The Battle of the Somme

‘The Somme set the picture by which future generations saw the First World War; brave helpless soldiers; blundering obstinate generals; nothing achieved.‘ A J P The First World War: An Illustrated History

Battle of the Somme


The ‘war to end all wars’ didn’t. World War II followed within a generation precipitated by a severe and unjust treaty that gutted Germany, and the end of all wars was a preamble to the bloodiest century in human history. To most of us World War I seems as remote as Agincourt or Rome subduing Hannibal.

We may remember vaguely that the assassination of hapless Archduke Ferdinand precipitated the conflict, but the truth is far more complicated involving decades old alliances and animosities, ethnic nationalism, imperial ambitions, petty grievances of ambitious men, lust for power, and fear. It’s always fear in one form or another that leads to killing lots of people.

World War I employed 19th century tactics and 20th century weapons from machine guns and more accurate artillery to mustard and chlorine gas. I’m old enough to remember my Great Uncle John who lived the rest of his life with one lung after losing its left side companion to mustard gas in the trenches. World War I was a woodchipper into which brave and terrified men were ordered to rush with great enthusiasm.

And the trenches, oh. Ankle deep or worse with fetid water ripe with human waste and blood and body parts and no relief. Overwhelming pestilence, stink, and misery, then the whistle blows to signal the next suicidal assault and attempt to gain a hundred yards and take the next putrid trench in front of them currently occupied by other exhausted men with ruined feet at least as terrified as those screaming and charging into their guns. Again, and again. And again. Surge forward. The next day, routed, quick snake crawl back to the trench you left yesterday only without some of your friends who lie tangled in coils of barbed wire with their intestines and brains glistening in the sun.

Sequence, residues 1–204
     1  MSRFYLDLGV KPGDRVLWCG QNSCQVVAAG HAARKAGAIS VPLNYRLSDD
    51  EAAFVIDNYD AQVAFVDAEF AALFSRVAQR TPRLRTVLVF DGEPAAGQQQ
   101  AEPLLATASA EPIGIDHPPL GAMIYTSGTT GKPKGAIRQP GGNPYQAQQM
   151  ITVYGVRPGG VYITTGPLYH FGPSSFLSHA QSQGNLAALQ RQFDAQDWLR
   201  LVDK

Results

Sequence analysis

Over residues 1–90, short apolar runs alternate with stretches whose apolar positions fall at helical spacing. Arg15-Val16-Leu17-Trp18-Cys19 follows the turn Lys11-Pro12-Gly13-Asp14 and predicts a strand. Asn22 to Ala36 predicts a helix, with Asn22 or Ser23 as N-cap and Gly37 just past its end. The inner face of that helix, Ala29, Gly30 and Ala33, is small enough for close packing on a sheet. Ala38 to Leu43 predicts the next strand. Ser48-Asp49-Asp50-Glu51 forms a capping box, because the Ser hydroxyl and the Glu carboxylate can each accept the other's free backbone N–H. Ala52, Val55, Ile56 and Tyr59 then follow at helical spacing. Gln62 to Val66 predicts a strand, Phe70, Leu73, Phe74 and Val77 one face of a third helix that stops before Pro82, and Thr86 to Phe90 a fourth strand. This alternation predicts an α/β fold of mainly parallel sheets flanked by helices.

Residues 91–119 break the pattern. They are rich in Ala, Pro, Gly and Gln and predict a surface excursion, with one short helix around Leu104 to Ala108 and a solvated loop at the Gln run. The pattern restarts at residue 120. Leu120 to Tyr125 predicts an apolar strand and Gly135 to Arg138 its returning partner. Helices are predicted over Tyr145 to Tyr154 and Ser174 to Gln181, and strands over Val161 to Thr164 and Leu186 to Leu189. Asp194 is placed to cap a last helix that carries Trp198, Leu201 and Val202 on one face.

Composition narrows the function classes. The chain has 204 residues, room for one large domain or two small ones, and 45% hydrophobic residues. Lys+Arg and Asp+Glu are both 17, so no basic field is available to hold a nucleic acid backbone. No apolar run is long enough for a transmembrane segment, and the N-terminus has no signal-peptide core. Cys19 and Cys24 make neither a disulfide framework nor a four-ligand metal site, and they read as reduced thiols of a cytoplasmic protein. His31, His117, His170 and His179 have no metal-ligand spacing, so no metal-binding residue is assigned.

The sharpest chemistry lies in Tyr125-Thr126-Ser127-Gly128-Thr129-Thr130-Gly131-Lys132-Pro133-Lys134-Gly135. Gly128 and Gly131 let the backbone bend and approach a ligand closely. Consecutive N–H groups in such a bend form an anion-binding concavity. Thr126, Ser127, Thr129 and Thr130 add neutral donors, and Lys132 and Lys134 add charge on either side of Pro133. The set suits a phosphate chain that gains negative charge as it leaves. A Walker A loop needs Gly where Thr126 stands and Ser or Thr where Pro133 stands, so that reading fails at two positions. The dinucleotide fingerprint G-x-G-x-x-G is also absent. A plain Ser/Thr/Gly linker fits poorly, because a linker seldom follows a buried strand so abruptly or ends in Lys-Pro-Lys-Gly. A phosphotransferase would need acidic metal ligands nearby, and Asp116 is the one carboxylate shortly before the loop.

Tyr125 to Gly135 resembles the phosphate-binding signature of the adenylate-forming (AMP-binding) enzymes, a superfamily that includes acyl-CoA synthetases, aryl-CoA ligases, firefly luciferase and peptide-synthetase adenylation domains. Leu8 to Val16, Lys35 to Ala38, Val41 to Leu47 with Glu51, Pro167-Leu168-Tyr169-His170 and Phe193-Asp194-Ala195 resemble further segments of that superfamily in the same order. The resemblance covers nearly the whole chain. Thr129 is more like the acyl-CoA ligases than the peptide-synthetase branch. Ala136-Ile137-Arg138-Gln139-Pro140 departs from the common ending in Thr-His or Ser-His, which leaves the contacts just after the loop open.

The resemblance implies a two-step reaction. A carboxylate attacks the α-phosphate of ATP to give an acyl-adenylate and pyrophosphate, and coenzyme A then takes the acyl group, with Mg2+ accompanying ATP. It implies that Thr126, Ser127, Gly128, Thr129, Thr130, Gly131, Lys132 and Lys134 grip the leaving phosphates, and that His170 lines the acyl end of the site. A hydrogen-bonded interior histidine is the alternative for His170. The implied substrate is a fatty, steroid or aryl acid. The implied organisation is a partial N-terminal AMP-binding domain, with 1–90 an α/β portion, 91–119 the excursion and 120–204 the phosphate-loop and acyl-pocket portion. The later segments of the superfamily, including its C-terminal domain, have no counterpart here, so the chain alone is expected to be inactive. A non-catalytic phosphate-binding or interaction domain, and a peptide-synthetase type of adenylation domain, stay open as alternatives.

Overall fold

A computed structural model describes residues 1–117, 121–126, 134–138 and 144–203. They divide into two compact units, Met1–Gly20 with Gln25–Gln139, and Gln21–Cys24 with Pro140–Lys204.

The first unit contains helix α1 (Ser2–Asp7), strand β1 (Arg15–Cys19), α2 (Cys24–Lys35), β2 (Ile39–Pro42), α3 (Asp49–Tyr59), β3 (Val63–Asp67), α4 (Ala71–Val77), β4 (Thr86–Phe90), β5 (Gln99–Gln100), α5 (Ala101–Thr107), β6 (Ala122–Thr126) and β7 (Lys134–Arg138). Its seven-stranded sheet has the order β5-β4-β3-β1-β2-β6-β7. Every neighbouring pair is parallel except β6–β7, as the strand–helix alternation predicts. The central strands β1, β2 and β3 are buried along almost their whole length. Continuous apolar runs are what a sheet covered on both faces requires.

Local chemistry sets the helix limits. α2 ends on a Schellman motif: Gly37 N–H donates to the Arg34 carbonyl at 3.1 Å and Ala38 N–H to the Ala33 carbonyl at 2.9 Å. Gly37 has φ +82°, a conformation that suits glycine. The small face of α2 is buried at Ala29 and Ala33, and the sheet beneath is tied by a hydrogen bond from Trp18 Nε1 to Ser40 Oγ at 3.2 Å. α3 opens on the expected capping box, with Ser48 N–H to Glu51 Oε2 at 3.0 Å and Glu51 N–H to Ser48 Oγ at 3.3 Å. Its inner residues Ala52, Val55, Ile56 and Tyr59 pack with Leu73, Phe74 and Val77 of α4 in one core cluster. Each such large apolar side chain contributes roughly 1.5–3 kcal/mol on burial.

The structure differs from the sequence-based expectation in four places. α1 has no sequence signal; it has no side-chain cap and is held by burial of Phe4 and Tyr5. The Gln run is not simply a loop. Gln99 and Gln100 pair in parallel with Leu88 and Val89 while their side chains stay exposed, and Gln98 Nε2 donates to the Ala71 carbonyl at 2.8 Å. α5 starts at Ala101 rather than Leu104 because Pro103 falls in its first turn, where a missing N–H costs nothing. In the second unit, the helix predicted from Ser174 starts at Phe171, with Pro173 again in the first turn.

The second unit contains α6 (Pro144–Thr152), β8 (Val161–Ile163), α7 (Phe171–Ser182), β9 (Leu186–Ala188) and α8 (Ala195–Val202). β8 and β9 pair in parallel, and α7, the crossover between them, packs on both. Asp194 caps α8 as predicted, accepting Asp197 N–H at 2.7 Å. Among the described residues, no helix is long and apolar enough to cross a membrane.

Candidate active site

The Battle of the Somme lasted almost five months and incurred almost a million casualties. At the end British forces advanced seven miles. On the first day, July 1, 1916, British forces alone incurred 57,000 casualties, making it the bloodiest day still in a long British military history.

Governments wage war, governments of varying degrees of competence which profess to manage complex societies. At their best, they protect the rights of their people to live peacefully in freedom. But. As Aleksandr Solzhenitsyn wrote so perfectly, “If only it were all so simple! If only there were evil people somewhere insidiously committing evil deeds, and it were necessary only to separate them from the rest of us and destroy them. But the line dividing good and evil cuts through the heart of every human being. And who is willing to destroy a piece of his own heart?”[i]

“Once you hear the details of victory, it is hard to distinguish it from a defeat.” Jean-Paul Sartre

Every election since Kennedy v Nixon in my memory has been booked as the most important of our lifetime with loud predictions and with the lines growing more distinct every cycle. The most recent was as divisive and angry and fear filled on both sides of the divide as any I can remember. Yet, every two or four years, the balance shifts a little, and the culture rift grows wider. A few legislative bills are passed with much fanfare at the outset of each administration before things settle back into the accustomed sniping impasse. The culture has morphed into something unrecognizable, but each election comes and goes with the same lackluster candidates somehow even less appealing and more dispiriting than the last batch. They fill the news cycles with apocalypse. But apocalypse somehow holds off.